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Springtime Morel Mushroom Hunting

Morels (Morchella) are a springtime favorite of any forager. Morels are often found in areas that have been logged or burned the previous year but also grow naturally in the right conditions. Morels are easily identifiable by their unique rounded, cone-shaped cap, characterized by deep pits and ridges. Additionally, unlike many other species of mushrooms, morels have a hollow stem (stipe) that is whiteish in color. There are approximately 80 subspecies of Morchella ranging in color from black to yellow, but all true morels are edible. Morels begin fruiting around April and can be found throughout the summer at higher elevations. While morels can be found at a variety of elevations, soil temperature above 50 degrees and adequate rainfall are key to growth. While early spring morels can be found on sun-facing mountain slopes, these same spots will become too hot and dry for mushrooms later in the season.


  • Approximately 1-5 years old

  • Search around log piles and up skids

  • Fallen trees should still have some orange color, if they are all grey the logging is likely too old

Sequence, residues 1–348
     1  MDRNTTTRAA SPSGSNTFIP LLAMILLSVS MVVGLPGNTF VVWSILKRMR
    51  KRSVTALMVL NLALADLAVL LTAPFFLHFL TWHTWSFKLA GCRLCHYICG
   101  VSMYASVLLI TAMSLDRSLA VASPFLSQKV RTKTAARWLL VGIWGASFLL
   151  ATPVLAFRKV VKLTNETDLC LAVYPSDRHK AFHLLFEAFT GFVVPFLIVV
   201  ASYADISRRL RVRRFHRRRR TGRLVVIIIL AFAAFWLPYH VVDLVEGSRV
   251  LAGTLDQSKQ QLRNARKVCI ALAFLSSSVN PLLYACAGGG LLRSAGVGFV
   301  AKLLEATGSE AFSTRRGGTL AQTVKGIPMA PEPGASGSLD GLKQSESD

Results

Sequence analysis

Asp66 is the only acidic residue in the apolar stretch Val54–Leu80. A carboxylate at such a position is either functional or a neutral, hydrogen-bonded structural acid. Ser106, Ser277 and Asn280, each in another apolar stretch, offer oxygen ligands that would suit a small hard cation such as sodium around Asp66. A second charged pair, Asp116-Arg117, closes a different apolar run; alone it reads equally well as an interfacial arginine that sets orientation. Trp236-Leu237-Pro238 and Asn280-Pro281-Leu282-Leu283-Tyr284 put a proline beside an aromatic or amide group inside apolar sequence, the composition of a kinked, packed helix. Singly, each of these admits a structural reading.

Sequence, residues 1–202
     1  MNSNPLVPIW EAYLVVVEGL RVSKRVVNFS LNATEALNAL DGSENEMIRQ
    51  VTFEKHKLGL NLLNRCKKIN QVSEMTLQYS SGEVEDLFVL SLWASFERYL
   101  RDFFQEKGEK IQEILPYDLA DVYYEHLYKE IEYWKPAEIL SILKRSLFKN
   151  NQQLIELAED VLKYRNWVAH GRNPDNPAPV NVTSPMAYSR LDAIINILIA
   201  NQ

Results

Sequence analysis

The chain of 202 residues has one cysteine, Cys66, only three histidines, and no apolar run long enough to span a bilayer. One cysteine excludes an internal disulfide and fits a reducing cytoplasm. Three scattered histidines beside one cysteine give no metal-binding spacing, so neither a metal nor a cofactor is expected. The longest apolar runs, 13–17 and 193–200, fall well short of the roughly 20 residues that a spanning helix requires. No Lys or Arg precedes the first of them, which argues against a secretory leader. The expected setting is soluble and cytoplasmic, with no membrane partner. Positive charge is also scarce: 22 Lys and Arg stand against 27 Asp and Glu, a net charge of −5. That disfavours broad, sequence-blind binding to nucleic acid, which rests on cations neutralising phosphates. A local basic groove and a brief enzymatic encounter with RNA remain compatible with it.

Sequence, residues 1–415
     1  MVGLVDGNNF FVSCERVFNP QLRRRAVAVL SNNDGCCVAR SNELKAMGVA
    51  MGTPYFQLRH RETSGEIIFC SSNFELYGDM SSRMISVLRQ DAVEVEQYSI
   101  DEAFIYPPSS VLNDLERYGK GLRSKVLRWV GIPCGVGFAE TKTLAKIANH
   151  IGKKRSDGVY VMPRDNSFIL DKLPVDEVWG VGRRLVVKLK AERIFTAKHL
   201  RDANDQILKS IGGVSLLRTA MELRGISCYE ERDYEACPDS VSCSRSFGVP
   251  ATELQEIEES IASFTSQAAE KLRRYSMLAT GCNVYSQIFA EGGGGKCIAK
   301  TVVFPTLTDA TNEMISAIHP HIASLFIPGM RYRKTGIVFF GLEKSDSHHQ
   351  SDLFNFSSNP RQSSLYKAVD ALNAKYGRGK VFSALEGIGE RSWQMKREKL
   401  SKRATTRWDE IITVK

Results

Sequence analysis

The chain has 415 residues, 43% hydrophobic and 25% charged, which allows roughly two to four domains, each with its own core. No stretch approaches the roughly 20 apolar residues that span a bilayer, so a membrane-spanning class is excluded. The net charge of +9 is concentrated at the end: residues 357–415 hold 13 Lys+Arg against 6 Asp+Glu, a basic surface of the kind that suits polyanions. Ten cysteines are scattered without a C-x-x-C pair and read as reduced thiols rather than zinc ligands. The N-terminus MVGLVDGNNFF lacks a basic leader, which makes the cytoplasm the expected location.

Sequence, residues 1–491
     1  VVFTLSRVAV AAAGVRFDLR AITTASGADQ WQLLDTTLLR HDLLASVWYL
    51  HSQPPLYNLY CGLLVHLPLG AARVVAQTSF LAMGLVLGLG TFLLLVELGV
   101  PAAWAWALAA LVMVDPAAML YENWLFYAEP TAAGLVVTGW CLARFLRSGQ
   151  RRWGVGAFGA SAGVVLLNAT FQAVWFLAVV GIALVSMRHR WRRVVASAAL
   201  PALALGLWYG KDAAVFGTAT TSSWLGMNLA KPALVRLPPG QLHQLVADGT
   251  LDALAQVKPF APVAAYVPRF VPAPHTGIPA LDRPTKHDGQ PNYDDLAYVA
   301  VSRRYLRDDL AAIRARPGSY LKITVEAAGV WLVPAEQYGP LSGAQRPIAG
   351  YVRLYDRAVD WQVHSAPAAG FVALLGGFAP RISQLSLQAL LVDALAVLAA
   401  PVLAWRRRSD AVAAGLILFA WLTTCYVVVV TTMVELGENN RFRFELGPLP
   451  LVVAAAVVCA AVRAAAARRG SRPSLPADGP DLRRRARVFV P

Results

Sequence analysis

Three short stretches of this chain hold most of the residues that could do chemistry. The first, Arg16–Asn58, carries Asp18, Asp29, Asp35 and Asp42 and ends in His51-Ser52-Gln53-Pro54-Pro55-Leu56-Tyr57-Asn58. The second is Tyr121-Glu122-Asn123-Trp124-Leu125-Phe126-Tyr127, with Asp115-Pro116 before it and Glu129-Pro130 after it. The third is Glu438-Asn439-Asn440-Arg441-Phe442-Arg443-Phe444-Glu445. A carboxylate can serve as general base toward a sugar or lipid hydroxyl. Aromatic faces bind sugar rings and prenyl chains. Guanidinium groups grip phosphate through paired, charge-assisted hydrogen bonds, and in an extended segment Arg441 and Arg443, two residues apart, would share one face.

• Can be found out in the open near other small vegetation such as wild strawberry plants and flowers


  • Conifer and hardwood forests

  • The tree line or edge of forested area

  • Around dead/dying trees

Prior to harvesting morels, be sure to check in with your local BLM office to inquire about the local regulations and purchase any permits you might need. Many areas allow foragers to harvest up to a gallon of mushrooms for personal use without a permit. However, some wilderness areas are limited, and a commercial permit is required if you intend to sell the morels you harvest.

When harvesting morels, cut the stipe, leaving the base (volva) in the ground. Carry harvested morels in a mesh-type bag, basket, or open bucket to prevent them from sweating and becoming too moist. Since morels can mold, it is best to prepare or dry them within a day or so of harvesting. To prepare morels, soak them at least one hour in salt water to draw out any bugs prior to cooking. All species of Morchella should be well cooked before consumed.

Disclaimer: Never eat a wild mushroom that you are unable to positively identify. While all species of Morchella are edible, some individuals experience digestive upset when consuming certain subspecies, consume only in small quantities if you are unsure of your tolerance

Huntress View team member Jennifer James is from Oregon and enjoys hunting, fishing and foraging. Follow her on Instagram at @thewoodsmanswife or Facebook at

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